Tuesday, December 24, 2013

Article Review (2007) - Structural analyses of fibrinogen amyloid fibrils

Today's article under review actually covers two articles with essentially the same title and the same authors. The 2007 article published in the journal Amyloid is actually a slightly longer and more detailed version of a paper presented at the XIth International Symposium on Amyloidosis in November of 2006. I have previously reviewed three papers from the 2006 symposium that were published in the book XIth International Symposium on Amyloidosis, edited by Drs. Skinner, Berk, Connors and Seldin. The first of those reviews was in the November 25, 2013 post.

Since these two articles cover the same material, I will give the information for both articles first, and then review the second one. In contrast to the previous article review, which showed how fibrinogen amyloidosis is different than other types of amyloidosis, these articles show how fibrinogen amyloidosis is similar to the other types, including AL.

Title: Structural Analyses of Fibrinogen A Alpha-Chain Amyloid Fibrils (1)

Authors: L. C. Serpell, M. D. Benson, J. J. Liepneiks, and P. E. Fraser (University of Sussex, Brighton, UK; Indiana University School of Medicine, Indianaposis, IN, USA; Richard L. Roudebush Veterans Affairs Medical Center, Indianapolis, IN, USA; Centre for Research into Neurodegenerative Diseases, Toronto, Ontario, Canada)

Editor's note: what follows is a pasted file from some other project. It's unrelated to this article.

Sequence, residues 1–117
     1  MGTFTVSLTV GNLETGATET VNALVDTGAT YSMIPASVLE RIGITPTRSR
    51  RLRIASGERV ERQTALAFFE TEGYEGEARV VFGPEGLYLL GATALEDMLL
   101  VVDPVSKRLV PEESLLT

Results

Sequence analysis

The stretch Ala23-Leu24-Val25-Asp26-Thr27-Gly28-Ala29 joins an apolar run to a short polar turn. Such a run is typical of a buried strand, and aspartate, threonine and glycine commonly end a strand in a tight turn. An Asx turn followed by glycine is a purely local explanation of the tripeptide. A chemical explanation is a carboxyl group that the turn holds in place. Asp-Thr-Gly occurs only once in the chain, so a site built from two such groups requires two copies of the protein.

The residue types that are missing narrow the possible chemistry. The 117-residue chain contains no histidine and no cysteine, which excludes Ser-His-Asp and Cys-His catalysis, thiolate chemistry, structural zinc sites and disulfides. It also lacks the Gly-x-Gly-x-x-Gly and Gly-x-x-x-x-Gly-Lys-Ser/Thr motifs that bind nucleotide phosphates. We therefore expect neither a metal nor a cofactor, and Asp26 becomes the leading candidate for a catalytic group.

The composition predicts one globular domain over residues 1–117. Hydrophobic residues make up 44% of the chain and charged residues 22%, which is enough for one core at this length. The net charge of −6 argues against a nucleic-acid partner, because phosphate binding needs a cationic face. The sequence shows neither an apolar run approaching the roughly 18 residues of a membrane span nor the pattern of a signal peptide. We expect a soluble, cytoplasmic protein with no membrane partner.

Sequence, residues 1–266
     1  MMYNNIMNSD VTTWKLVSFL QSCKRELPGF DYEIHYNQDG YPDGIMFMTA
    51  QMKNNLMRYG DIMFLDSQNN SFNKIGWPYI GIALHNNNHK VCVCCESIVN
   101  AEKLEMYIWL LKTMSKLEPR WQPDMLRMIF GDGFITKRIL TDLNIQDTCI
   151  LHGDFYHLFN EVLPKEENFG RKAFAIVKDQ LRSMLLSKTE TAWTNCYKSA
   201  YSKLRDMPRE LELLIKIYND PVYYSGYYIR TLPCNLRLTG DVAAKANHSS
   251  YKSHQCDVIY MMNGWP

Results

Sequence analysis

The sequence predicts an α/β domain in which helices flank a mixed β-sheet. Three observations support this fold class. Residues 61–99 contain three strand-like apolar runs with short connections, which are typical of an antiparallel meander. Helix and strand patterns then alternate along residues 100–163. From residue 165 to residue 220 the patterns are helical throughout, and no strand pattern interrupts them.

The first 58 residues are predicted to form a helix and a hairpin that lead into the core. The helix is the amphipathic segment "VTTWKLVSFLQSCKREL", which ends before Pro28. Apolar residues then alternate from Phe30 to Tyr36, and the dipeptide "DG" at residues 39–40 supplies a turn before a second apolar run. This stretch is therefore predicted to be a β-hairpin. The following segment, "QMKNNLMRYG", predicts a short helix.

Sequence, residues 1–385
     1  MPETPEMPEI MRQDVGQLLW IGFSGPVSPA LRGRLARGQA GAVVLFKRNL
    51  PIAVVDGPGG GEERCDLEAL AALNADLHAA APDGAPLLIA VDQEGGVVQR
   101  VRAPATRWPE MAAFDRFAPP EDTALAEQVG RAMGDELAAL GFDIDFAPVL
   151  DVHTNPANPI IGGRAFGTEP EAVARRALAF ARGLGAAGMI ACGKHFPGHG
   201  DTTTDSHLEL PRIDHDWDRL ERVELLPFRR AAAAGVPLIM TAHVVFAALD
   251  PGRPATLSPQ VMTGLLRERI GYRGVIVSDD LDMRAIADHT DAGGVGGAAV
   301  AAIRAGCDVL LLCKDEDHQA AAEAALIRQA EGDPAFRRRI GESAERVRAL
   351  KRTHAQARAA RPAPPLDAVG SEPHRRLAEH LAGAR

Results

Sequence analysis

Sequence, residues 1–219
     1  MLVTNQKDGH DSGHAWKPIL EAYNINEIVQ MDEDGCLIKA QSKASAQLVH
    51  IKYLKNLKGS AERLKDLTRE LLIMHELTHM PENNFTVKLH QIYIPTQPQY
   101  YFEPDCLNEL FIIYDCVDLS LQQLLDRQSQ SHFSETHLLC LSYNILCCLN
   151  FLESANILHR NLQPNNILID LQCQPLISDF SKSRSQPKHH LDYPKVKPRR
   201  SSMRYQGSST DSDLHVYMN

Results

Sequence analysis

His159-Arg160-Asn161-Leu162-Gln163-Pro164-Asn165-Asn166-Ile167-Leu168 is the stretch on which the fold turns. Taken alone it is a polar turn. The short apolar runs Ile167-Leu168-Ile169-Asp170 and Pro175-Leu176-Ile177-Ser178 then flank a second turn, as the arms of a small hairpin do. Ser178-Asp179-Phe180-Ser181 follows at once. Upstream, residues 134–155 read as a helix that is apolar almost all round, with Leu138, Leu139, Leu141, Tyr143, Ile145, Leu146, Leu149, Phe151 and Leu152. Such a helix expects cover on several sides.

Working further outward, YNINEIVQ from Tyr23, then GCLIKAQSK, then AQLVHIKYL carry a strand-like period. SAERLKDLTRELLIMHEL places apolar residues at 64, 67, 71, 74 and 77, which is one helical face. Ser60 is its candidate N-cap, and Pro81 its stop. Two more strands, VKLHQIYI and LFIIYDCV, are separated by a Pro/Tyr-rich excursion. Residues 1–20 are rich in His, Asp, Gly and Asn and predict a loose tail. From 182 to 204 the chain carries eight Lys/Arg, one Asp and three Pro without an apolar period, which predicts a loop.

BookXIth International Symposium on Amyloidosis (2007)

Abstract: None

Title: Structural analyses of fibrinogen amyloid fibrils (2)

L. C. Serpell, M. D. Benson, J. J. Liepneiks, and P. E. Fraser (University of Sussex, Brighton, UK; Indiana University School of Medicine, Indianaposis, IN, USA; Richard L. Roudebush Veterans Affairs Medical Center, Indianapolis, IN, USA; Centre for Research into Neurodegenerative Diseases, Toronto, Ontario, Canada)

Journal: Amyloid (2007)


Hereditary fibrinogen amyloidosis is characterized by deposition of amyloid fibrils in renal glomeruli. The subunit protein of the amyloid fibrils is a proteolytic fragment of the fibrinogen Aα-chain. To investigate the structure of fibrinogen amyloid, fibrils were extracted from the tissues of a patient and studied by X-ray fiber diffraction and electron microscopy. We have carried out a full structural characterization of amyloid fibrils taken from disease tissue. These studies revealed that ex vivo fibrinogen amyloid fibrils have a cross-β structure similar to other chemical types of amyloid fibrils.

As I mentioned at the end of the previous post, these articles have a lot of technical information. The topic is the amyloid fibrils themselves, specifically their molecular structure. Most of it is beyond my understanding, and although it does not have any direct impact currently in terms of diagnosis or treatment, it may be important as amyloidosis treatments are developed in the future.

If you read much about amyloidosis in general, you will likely encounter the terms "beta sheets," "beta-pleated sheets," or "cross-beta structure." (Instead of writing out the word "beta", the symbol "β" will often be used, as it is in the abstract above.) In reviewing these articles today we learn what a beta sheet is, and whether or not fibrinogen amyloidosis forms beta sheets like other forms of amyloidosis. So, what is a beta sheet? Quoting from Wikipedia, beta sheet is the second form of regular secondary structure in proteins, and it is less common than the alpha helix. Huh? Let's see if I can explain that a little better, given my ten minutes of Wikipedia research. (For a more thorough explanation than the following, see the Wikipedia articles on "biomolecular structure" and "beta sheet.")